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Amit Khatri, Gaurav Khatri of Noise: The wrist watchers

Amit and Gaurav Khatri, co-founders of Noise, on building a brand around wearables and hearables, instilling a culture of fitness at work, and upcoming technology trends

Gaurav Khatri (left) and Amit Khatri are co-founders of the personal lifestyle technology brand Noise.
Gaurav Khatri (left) and Amit Khatri are co-founders of the personal lifestyle technology brand Noise. (Illustration by Priya Kuriyan)

It’s close to the end of business hours on a weekday but the energy in the Noise office in Gurugram, Haryana, is that of a startup operating at full steam.

I am told co-founders and cousins Amit and Gaurav Khatri are running late as they are busy in another meeting. I catch a glimpse of them walking out of another meeting room a little later.

They are bound to be busy. In just under 10 years, Noise, which began in 2014 by selling smartphone covers and cases, has become one of the top-selling wearables brands in India. It’s excelling, in particular, in the smartwatches category.

According to the International Data Corporation (IDC) India Monthly Wearable Device Tracker for August 2023, Noise has regained the top spot in the smartwatch market with a 27.6% share, growing by 93.2% year-on-year—it was trailing Fire-Boltt in the first quarter of 2023.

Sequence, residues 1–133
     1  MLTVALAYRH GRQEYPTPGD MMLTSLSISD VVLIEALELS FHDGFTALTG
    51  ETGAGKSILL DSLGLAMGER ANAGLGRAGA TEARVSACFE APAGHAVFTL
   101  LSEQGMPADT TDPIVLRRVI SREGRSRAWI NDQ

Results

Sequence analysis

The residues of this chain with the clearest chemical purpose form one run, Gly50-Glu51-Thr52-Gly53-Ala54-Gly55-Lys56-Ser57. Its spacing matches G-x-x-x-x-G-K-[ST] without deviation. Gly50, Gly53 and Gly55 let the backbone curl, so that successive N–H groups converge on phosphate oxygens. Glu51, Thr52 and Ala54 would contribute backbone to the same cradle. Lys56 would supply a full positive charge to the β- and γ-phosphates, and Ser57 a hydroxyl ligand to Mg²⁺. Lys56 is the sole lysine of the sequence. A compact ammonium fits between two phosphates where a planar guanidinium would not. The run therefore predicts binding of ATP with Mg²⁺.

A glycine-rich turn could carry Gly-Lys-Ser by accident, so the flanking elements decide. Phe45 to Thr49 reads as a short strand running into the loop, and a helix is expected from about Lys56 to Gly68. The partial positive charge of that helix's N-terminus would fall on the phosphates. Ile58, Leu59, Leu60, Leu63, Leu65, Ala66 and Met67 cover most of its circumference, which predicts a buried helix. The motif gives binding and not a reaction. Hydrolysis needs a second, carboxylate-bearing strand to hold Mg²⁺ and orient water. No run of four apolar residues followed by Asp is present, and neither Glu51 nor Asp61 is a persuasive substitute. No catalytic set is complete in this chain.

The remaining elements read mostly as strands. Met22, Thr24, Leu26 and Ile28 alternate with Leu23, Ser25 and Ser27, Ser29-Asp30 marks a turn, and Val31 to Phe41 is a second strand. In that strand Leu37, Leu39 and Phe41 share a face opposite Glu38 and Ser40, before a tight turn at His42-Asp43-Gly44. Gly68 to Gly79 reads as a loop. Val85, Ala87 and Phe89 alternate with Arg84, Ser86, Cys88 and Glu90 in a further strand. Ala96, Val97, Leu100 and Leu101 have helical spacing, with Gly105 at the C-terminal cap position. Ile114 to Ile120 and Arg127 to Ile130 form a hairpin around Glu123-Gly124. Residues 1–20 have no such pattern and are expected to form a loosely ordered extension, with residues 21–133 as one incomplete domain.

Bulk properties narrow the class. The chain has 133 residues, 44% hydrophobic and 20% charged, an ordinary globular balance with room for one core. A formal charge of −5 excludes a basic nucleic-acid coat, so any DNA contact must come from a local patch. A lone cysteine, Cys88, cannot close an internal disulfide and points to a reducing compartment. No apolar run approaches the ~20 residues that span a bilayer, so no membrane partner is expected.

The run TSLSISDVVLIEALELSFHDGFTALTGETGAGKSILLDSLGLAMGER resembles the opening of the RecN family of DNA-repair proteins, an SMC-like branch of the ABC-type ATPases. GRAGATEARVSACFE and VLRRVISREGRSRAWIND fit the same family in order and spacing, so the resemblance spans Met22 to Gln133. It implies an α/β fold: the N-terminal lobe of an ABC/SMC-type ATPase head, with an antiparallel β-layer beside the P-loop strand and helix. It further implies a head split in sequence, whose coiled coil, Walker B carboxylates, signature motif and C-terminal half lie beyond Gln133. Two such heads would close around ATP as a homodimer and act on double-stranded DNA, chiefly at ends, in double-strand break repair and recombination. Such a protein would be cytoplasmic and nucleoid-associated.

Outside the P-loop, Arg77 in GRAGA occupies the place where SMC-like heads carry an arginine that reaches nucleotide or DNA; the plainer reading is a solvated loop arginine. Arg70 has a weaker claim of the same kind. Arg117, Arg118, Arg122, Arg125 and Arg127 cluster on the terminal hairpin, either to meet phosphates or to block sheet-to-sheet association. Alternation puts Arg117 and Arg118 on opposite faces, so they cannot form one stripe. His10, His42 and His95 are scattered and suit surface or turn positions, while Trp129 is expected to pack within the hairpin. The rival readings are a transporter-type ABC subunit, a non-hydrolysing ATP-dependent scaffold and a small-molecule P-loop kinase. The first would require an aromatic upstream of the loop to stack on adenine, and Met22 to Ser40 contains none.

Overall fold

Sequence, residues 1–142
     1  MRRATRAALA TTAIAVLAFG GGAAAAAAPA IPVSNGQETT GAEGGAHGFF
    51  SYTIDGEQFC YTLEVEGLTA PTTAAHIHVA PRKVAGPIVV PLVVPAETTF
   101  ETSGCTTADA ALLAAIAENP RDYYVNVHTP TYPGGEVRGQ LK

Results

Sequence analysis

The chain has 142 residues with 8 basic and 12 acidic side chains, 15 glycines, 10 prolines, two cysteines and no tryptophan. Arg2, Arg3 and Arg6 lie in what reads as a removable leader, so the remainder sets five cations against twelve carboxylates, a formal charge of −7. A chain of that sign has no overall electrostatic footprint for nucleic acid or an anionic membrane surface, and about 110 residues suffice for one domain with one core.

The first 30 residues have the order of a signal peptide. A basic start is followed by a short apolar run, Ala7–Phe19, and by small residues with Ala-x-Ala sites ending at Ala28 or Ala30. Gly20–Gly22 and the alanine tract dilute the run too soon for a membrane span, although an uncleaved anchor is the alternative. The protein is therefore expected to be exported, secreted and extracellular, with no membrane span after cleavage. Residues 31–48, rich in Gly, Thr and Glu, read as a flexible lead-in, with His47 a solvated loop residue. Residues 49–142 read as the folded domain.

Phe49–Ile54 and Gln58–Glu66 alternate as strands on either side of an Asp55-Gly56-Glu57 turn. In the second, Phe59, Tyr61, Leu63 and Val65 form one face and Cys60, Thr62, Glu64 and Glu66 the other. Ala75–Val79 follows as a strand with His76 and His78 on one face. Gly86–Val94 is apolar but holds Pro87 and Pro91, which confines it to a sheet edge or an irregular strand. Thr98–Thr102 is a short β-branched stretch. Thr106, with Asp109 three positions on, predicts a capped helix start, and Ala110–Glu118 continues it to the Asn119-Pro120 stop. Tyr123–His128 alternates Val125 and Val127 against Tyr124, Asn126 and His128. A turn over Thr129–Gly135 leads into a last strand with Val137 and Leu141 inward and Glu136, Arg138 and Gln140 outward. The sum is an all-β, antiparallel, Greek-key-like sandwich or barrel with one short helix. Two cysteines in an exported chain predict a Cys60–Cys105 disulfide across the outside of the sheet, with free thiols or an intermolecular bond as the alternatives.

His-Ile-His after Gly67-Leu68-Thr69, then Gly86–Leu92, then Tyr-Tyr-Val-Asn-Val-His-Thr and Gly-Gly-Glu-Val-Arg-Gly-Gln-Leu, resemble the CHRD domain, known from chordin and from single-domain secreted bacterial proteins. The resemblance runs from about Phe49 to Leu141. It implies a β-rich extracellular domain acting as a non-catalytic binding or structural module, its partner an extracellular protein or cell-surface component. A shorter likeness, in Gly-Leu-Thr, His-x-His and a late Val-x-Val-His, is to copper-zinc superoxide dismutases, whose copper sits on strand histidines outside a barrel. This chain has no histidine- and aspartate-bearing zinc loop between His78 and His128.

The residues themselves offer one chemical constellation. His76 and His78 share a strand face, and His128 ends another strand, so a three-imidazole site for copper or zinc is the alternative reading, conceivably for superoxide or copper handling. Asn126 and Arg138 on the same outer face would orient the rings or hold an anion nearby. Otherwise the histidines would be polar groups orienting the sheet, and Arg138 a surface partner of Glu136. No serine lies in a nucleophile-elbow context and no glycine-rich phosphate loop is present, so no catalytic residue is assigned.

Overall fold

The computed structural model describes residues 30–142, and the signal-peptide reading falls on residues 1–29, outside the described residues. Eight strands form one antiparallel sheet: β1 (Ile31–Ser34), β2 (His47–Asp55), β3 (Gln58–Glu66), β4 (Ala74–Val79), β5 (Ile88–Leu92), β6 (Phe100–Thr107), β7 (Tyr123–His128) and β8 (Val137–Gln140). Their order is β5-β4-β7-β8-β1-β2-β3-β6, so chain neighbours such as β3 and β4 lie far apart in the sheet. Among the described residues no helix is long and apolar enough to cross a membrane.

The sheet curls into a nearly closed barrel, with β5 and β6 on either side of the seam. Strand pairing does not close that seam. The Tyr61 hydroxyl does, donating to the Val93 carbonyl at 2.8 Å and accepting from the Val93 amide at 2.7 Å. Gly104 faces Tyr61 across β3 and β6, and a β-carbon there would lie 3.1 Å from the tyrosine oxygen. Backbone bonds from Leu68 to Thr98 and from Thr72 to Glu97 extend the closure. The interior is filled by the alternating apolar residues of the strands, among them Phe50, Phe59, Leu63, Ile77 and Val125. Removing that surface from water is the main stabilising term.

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When we meet, their drive is infectious. Amit notices the vintage analogue watch on my wrist. During our hour-long conversation, they come across as relaxed, focused, completely sure of their trajectory. No doubts, no hesitation.

Amit, 42, and Gaurav, 33, had not planned to enter this business. Amit had his own business, as a supply chain partner for global fashion brands, and Gaurav had trained to be a commercial pilot. But Gaurav found himself staring at an aviation industry slump. The idea for the firm came when he couldn’t find a good smartphone cover and asked Amit, who was in Hong Kong on work, to get him one. They figured there was a gap in the market.